Is It Healthier to Stand at Your Desk?
Standing is the new sitting. Sitting all day isn’t in our nature, and there are plenty of studies supporting the fact, such as findings that obesity and diabetes are increased when you sit excessively all day long. However, is standing really better than sitting?
As a general rule, standing at your desk is healthier than sitting. The human body was designed for continuous activity throughout the day. In order to avoid sedentary issues, you should incorporate movement into your standing desk position.
This much is obvious in the standing versus sitting debate: Sitting all day in one place puts you at risk for health issues. However, how much better does that old saying stand up to scientific scrutiny? In my role as a chiropractor and ergonomist, let me clarify the issue by adding some thoughts about standing’s health benefits.
Why Is It Better to Stand Than Sit?
All-day sitting is bad for your health. Whether or not you exercise regularly, it is not a good idea to sit too much since that is also unhealthy. People who prefer to stand up and work rather than sit down most of the time won’t have issues with their bodies getting fatigued or sick from staying seated for long periods.
Standing desks have been found to improve performance and cognition. Standing causes the body to burn more calories than sitting. Furthermore, it improves blood flow, engages the core and gluteal muscles, stretches the body, and eases the pain associated with sitting for so long. Users have more energy and alertness than usual. You are more likely to suffer health problems if you sit for a long period of time.
Is It Healthier to Stand All Day?
When you stand for long periods of time, your body is affected by the arrangement of where you work and what tasks are completed. It determines how many different positions can be used while standing as well as their flexibility. This limits the worker’s freedom to move about or alternate which muscles they’re using because there are fewer options available when working in these rigid positions.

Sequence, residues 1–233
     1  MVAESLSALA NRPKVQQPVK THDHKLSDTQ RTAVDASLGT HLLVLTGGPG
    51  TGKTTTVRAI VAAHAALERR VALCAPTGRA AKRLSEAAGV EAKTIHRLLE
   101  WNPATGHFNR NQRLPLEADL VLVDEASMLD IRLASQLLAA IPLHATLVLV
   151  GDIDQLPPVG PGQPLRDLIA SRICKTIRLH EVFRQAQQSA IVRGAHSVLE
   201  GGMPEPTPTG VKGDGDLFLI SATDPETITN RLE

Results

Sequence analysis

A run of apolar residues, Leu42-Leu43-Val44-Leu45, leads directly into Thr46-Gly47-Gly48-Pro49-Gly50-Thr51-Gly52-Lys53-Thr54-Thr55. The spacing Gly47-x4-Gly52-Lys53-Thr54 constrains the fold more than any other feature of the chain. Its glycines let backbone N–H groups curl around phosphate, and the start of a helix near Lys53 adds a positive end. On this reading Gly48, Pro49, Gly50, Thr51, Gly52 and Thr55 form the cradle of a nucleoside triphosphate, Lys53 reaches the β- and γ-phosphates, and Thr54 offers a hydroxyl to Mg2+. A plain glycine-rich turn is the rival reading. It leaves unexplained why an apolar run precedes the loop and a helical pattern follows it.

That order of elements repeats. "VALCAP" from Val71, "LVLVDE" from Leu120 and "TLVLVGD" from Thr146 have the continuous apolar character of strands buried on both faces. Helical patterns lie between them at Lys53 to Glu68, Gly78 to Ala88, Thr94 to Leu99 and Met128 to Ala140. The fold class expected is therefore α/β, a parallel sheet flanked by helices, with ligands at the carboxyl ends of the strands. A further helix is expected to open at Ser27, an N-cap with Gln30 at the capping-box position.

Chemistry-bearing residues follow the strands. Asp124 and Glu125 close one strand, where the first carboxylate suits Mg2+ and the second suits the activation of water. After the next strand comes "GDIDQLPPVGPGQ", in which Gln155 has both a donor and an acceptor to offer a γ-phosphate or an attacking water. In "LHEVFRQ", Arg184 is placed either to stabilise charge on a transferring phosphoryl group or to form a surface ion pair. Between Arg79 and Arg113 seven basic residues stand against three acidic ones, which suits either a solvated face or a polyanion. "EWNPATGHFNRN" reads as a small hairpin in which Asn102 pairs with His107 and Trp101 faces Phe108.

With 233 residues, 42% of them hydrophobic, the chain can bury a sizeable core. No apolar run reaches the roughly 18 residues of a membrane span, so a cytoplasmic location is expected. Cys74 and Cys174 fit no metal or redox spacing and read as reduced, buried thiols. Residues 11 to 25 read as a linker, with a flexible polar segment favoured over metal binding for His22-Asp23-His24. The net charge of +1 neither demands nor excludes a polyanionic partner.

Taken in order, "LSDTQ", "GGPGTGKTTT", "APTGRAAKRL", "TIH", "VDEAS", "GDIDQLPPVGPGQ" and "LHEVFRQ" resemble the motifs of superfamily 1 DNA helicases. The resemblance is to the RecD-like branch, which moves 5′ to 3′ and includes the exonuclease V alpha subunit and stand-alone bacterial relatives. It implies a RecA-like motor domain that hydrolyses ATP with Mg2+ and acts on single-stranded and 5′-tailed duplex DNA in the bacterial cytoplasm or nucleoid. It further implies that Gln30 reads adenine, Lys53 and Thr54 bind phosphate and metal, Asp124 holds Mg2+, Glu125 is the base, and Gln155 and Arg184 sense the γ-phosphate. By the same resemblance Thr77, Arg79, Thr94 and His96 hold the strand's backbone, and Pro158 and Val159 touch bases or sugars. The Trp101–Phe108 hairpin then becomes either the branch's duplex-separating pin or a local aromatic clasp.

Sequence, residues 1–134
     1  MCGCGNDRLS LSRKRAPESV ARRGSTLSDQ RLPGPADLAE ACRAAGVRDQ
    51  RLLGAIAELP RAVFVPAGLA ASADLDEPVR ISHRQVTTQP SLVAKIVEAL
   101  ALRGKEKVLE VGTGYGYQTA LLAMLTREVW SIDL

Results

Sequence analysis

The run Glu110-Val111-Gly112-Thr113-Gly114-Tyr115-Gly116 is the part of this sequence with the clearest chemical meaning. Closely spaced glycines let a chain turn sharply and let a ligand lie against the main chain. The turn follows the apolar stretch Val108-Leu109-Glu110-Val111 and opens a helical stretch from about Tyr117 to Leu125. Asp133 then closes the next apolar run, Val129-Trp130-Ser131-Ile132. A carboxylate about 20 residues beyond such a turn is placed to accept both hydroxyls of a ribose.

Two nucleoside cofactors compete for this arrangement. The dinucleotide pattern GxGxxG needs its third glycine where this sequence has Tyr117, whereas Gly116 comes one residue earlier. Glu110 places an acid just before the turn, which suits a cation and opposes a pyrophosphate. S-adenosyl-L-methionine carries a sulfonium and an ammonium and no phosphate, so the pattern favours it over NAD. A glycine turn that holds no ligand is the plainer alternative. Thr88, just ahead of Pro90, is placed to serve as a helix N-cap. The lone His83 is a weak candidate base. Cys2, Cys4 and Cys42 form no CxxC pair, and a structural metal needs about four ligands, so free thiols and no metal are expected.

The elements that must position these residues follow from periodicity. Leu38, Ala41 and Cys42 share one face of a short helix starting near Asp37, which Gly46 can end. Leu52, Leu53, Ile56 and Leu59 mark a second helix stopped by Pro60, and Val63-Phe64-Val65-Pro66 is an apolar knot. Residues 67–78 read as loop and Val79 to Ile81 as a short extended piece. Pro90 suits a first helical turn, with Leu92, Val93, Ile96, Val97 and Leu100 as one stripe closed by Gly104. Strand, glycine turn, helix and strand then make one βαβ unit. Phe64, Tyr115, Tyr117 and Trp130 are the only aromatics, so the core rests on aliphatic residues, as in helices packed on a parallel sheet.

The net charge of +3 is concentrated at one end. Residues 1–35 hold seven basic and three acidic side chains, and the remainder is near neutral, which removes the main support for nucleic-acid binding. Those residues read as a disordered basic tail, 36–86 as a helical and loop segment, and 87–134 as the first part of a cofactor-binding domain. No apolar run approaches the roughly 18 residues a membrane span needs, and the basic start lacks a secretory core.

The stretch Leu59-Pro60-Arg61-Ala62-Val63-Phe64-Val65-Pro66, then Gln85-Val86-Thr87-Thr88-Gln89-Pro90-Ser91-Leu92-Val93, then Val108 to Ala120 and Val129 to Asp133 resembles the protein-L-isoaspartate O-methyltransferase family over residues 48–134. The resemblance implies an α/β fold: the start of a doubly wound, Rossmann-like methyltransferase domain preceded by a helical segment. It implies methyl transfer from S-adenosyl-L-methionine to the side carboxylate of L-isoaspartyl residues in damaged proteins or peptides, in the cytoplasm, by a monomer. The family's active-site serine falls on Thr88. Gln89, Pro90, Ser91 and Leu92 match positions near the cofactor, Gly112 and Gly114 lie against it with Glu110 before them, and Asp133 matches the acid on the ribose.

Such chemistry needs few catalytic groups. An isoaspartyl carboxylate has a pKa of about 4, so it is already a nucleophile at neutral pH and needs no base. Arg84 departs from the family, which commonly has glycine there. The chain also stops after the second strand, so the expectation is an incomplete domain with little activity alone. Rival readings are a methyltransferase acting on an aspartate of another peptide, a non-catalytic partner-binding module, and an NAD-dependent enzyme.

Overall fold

In other words, when the muscles of your body are always working, they can’t just take a break. When you’re sitting in the same position all day and not stretching out every once in a while, it’s no wonder that people often end up with aches and pains or even worse like carpal tunnel syndrome!
Is It Better to Stand Than Sit at Work?
Standing all day may be just as unhealthy as sitting all day. You may become less efficient over time if you stand all day at work. Standing requires more energy. In addition, standing all day may increase the risk of varicose veins and make standing at work more tiring, and people with ischemic heart disease are more likely to experience carotid atherosclerosis acceleration from prolonged standing.
Another point I want to draw attention to is that even standing can make you sedentary! I see far too many patients with neck and shoulder pain after they switch to standing desks. The best posture is one that moves. In an ideal world, there should be a combination of sitting, standing and moving.
Benefits of Standing and Walking
A recent study found that swapping sitting with standing and engaging in light walking is a very good way to enhance insulin sensitivity, circulating lipids, and diastolic blood pressure in sedentary workers.
Standing and walking may be especially helpful for those who are looking for ideas on how they can cut back on their sitting time as it may not take nearly as much effort as standardized exercise programs.
Medical Benefits of Standing
Our bodies were designed for constant activity throughout the day. As the tide of technology rises, there have been more ways than ever to exchange information, yet more hours are spent sitting throughout the day. If you stop moving for long periods of time, your body responds by shutting down and preparing for death.
The act of sitting is not intrinsically dangerous. It’s the duration of time you spend sitting that creates the danger. While short periods of sitting are natural, long periods can harm your health and shorten your life.
Standing can offer many medical benefits, as it can help you avoid many of the conditions that may result from continued sitting or sedentary behavior:
Neck and Shoulders Pain